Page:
Crazy For You
(Mexican Summer; 2010)
By Calum Marsh | 11 August 2010
I confess to never having been all that into pot. It’s not that I’m against it or anything; it’s just that it’s never really done anything for me, besides making me listless and sleepy and a little hungry. That’s the only short-form explanation I can offer for finding Crazy For You, Best Coast’s inordinately popular debut LP, uninteresting and flatly dismissible. When I reviewed Best Coast’s last EP, the harmless Where the Boys Are (2009), I did so not with disdain but disinterest, with a shrug of resignation. But Best Coast have come a long way from their humble, hazy, post-Pocahaunted roots. Crazy For You is not simply here, an uncaring cassette’s worth of lazy non-songs; Crazy For You is here, a fully fledged Debut Album boasting professional production and legitimate distribution. This isn’t some bullshit bedroom no-fi from randoms with a Myspace page; this is an honest-to-goodness product made by professional musicians with the intention of presenting it to an audience. And that product, bought and swallowed en masse, is bad—almost aggressively so.
About their EP I wrote that Best Coast’s “chosen aesthetic is, if fundamentally superficial and eventually dull, immensely appealing,” which is to say that it’s really easy to get behind the idea of a super lo-fi, hyper-DIY brand of indie pop. And though I leveled the same complain against King of the Beach a few weeks ago, I think it bears repeating here: what’s so immediately gratifying about shitgaze is what ultimately undermines its attempts to resonate any more deeply—taking simplistic pop music and submerging it in distortion is a pretty cheap trick, and it’s not substantial enough a gimmick to compensate for the vacuousness its used to obscure. Which means that Best Coast are, at best, enjoyably but forgettably beating a trendy dead horse.
Except that for Crazy For You, Best Coast stepped up their game. It’s not that their sound is now drastically different—Wavves’s cheap but unexpected transformation into a ’90s mall-punk band this is not—but what’s the same is bigger and broader, bringing its faults into stark relief. This is, I stress, Best Coast’s Proper Album, and so rather than Where The Boys Are‘s loosely defined “songs” we get Songs: feeble, noise-soaked throw-back translations of everything from doo-wop, girl-group, pop-punk, to pseudo-grunge. Best Coast use these genres only as vague points of reference, credible sites for half-hearted excavation. And while Best Coast’s music has expanded, their attitude has not: the same sentiments which informed Where The Boys Are— “I talk about weed and my cat and being lazy a lot,” Bethany Cosentino said about the album’s thematic undercurrents—still permeate Crazy For You. Cosentino’s self-consciously insipid musings were slightly more excusable in the drifting, stream-of-consciousness context maintained by Where The Boys Are, but Crazy For You‘s increased attention to form and structure make those same sorts of emptily ironic popisms stand out embarrassingly. When we hear “I wish my cat could talk,” how can we be expected not to cringe?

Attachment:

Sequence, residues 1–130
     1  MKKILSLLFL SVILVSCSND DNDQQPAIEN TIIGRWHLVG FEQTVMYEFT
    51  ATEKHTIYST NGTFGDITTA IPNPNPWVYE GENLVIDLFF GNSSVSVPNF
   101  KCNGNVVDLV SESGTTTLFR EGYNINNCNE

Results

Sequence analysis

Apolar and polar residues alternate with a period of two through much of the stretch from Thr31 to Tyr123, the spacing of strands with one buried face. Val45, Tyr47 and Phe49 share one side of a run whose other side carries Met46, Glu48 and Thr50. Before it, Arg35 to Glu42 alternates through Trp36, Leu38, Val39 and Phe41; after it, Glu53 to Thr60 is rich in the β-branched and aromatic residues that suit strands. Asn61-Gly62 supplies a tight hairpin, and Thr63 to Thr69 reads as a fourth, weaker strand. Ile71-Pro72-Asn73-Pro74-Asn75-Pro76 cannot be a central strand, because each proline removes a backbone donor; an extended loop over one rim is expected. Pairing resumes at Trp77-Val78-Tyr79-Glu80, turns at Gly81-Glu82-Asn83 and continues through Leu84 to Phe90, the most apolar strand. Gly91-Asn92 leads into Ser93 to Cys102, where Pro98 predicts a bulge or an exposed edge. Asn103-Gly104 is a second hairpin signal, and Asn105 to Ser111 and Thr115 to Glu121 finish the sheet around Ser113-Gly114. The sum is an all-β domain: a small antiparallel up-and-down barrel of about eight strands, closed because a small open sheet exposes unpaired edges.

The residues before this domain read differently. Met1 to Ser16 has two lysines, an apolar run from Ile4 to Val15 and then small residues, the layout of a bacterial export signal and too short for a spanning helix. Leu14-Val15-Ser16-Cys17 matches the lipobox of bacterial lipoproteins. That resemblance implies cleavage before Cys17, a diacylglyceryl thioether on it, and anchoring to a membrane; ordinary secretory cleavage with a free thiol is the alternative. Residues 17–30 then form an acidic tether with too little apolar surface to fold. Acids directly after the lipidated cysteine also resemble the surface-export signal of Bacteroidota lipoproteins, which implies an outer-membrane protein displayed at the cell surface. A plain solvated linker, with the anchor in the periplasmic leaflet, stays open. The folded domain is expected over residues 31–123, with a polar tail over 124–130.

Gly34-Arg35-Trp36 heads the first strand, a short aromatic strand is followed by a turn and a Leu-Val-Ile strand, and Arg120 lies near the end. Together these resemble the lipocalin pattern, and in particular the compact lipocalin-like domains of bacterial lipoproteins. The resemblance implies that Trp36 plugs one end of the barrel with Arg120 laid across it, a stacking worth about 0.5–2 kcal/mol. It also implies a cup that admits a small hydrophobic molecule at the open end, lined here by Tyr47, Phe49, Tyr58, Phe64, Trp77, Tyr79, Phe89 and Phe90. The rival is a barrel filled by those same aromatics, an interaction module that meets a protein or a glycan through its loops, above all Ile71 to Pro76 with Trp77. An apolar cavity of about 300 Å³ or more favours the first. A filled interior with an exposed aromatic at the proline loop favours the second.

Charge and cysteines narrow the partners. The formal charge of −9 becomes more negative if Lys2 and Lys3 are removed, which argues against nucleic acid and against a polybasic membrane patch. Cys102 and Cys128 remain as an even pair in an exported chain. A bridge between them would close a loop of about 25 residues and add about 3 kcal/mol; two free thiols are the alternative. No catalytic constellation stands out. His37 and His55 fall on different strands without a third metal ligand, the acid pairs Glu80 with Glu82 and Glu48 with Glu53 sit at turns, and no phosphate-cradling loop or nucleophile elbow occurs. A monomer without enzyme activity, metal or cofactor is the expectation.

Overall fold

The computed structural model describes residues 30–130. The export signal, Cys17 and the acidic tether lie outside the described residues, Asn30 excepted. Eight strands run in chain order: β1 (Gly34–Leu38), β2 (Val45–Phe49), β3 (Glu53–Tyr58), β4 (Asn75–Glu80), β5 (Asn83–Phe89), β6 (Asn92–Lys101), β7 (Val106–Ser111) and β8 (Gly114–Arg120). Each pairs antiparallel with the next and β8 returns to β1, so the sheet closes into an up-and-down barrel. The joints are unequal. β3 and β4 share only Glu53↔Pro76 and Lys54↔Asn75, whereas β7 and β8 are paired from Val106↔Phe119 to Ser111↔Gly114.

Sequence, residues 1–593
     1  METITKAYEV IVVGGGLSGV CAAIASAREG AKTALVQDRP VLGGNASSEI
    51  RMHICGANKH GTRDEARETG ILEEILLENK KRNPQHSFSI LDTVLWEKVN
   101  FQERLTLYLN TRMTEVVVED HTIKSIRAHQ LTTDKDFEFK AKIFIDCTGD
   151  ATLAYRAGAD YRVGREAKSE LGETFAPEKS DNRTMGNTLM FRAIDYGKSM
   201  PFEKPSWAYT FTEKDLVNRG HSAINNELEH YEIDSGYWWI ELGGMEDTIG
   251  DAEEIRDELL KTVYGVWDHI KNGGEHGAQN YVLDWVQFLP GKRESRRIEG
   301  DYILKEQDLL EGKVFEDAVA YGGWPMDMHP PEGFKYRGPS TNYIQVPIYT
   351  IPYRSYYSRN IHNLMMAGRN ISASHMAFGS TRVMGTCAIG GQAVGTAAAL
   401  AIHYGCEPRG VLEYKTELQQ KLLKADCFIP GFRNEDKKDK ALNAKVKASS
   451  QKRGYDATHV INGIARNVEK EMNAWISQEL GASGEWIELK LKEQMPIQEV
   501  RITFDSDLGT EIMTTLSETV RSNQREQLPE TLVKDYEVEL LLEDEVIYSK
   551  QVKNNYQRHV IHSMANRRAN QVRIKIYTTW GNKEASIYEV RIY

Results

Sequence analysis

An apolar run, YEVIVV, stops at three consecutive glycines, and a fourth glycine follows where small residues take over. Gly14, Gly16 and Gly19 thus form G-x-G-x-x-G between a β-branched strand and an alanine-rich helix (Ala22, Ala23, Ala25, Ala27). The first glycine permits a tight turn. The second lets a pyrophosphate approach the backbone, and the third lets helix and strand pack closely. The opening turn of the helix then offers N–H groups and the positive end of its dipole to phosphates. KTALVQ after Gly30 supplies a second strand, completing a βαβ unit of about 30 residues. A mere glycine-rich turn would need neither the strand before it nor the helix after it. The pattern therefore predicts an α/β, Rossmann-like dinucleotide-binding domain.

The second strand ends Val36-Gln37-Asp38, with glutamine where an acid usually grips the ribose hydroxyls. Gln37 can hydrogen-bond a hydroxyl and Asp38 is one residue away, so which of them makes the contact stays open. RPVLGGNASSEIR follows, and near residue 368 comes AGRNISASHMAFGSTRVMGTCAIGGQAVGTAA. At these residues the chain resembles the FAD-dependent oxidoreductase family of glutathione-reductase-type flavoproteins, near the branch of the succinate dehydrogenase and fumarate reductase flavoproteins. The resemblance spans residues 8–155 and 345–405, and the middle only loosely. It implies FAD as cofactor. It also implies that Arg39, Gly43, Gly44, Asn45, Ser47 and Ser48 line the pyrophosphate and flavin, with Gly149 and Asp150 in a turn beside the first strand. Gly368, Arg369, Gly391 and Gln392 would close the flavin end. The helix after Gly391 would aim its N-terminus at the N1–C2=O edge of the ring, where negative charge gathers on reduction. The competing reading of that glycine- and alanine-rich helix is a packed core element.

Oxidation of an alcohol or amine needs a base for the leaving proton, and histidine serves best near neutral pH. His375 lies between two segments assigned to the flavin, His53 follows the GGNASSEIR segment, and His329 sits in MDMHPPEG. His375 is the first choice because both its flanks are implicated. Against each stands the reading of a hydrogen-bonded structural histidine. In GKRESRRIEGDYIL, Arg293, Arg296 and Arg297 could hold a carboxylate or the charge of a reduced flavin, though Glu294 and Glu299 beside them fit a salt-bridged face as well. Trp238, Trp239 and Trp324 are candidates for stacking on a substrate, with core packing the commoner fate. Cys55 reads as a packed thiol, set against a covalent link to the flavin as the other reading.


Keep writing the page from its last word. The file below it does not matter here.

Moments like those make it obvious that Crazy For You doesn’t expect its audience to take it too seriously, but if this stuff isn’t meant to make us feel anything, what are we supposed to take from it? Are we to relax, chill out, and just enjoy it coolly? “There’s something about the summer,” Cosentino sings, and maybe that’s as deep as it goes: there’s just, y’know, something about Best Coast, for some people; it’s vaguely appealing in a listless, mindless, empty way. Which is, unsurprisingly, how I’ve always felt about pot, Crazy For You‘s certified substance of choice (or, I don’t know, way of life?): that shit’s fine, I guess, but it does nothing for me.